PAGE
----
Cobalt Chapel by Cobalt ChapelRelease date: January 20, 2017
There’s something decadently compelling about this eponymous debut album from Cobalt Chapel. From the off it has the debauched whiff of a 1960s psychedelic ‘Happening’, or a hedonistic pagan ceremony – but more than that, it feels just as much like a youthful guilty pleasure: it is – for all of us that grew up in the 1970s and 1980s, like watching a Hammer House of Horror film on a portable telly when your parents have gone to bed. Cobalt Chapel reeks with the possibility of forbidden pleasures or occult horrors – the possibilities of sex and violence – that blazed down a cathode ray tube late at night. It’s rich in a seam of occult imagery and sexuality which has previously been well mined by Gatiss, Pemberton, et al, in The League of Gentlemen, or even the cult Scarfolk web page (and elsewhere since).
But perhaps even above even these things Cobalt Chapel is a triumph of womanhood, of fantasy and of the imagination. Wearing as it does, the clothing of a particularly British form of psychedelic rock, there is a parallel to be drawn from the open-minded, free-spirited, period of 50-years ago when things seemed possible, consciousnesses were expanded, and everyone got on the bus for an acid trip. Imagine if the BBC Radiophonic Workshop wrote pop tunes for ABBA – and you’ll be halfway there.
Cobalt Chapel come with a high pedigree, Essentially the band are a collaboration between singer/actress Cecilia Fage (comic actor Matt Berry’s chanteuse of choice) and Regal Worm/I Monster head-honcho Jarrod Gosling and his collection of vintage synths, effects machines, and instruments. Recent live performances have also featured the inestimable talents of the Innerstrings’ hallucinogenic light-show – And it would be terribly easy to regard this whole project as an exercise in hipster-retro nostalgia – a second hand nostalgia at that, passed down to us from our parent’s generation – and which entertained us after midnight when, like good boys and girls, we should have been tucked up asleep.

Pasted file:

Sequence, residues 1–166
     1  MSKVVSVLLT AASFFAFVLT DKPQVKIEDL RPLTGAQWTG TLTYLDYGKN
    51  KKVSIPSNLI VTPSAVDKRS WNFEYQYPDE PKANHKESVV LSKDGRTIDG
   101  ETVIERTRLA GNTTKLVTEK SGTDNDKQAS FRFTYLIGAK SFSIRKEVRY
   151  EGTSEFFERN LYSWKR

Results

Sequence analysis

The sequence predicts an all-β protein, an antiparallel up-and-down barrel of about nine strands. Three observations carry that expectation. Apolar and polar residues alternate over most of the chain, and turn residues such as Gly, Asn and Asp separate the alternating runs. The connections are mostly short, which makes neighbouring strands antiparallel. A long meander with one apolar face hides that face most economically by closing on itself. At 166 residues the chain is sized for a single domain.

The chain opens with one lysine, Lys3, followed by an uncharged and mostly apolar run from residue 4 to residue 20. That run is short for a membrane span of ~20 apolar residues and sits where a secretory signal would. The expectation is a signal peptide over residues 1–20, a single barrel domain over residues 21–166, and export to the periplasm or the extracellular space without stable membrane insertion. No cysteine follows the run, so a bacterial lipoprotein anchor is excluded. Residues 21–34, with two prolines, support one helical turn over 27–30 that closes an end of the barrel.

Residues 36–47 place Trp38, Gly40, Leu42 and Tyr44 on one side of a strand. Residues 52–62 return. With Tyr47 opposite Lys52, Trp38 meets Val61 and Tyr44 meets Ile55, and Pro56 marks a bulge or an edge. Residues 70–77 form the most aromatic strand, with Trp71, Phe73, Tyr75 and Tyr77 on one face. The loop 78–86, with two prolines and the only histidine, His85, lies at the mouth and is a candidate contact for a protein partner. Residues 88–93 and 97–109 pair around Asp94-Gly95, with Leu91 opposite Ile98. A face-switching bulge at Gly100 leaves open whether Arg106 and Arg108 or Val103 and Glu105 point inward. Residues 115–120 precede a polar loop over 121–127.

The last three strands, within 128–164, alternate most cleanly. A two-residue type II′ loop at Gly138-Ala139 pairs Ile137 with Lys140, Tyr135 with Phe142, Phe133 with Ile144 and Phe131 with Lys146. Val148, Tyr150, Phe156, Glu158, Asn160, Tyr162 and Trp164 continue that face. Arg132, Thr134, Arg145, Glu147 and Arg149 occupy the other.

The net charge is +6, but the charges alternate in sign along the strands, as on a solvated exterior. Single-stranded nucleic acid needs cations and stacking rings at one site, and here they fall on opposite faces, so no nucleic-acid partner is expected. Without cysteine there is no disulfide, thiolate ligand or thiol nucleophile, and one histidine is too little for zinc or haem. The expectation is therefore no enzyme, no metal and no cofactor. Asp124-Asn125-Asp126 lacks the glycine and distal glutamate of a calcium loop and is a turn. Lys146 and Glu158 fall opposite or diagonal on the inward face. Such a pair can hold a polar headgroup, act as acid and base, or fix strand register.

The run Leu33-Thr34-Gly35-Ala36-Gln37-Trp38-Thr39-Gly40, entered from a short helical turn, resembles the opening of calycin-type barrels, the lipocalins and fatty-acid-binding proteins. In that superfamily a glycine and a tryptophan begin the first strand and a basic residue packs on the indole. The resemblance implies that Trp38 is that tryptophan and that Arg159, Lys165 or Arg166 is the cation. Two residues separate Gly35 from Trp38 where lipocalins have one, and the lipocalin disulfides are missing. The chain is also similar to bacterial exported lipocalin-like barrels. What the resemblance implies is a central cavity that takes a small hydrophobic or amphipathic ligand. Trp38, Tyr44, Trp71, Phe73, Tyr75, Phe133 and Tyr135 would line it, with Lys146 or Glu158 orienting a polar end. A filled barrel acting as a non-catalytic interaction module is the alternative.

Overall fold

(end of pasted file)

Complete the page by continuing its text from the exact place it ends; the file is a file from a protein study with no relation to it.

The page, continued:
But this is not the case. The freshness and audaciousness of Cobalt Chapel and their incredibly well wrought psych-pop fits exactly with the modern revival in Progressive Rock which is less about aping it’s Jurassic, monolithic forebears, but more about creating new forms of what was once a much maligned genre. Gosling’s Regal Worm being a case in point, but there are many others – Knifeworld, Anathema, Iamthemorning, The Anchoress and so on, who are unafraid to actually put the progress into progressive. Cobalt Chapel eschews some of the more proggy trappings of Regal Worm – no songs about aunts becoming ants for example – but delivers us some solid musical blows that I haven’t heard since Trish Keenan period Broadcast – high praise indeed – and like Broadcast, there was many a track on this album that made me leak happy tears of joy on first listen (perhaps we can convince the Cobalts to cover ‘Paper Cuts’, then I’d be like a total wreck).
You can find other influences here too – if you look for them – Broadcast, obviously, but also early Tangerine Dream and Jean-Michel Jarre, the dark majesty of Portishead, the playfulness of Henry Mancini, the occasional jarring and uplifting joy of any Gerry Anderson supermarionation theme tune; and of course, thematically, a good deal of Folk Music – or certainly the dark tropes of Folk, the unsettling nature of which works incredibly well in this context.
There’s also a great juxtaposition of end-of-days glamour and pagan ceremony. Look, for instance, as Fage – gloriously pregnant and resplendent in evening dress – stares out at you from the middle of a lightless forest on the album cover. Indeed, glamour (both as a lifestyle and, in its archaic form, a type of magic), fertility, and imagination form some of the very strong flavours of this record.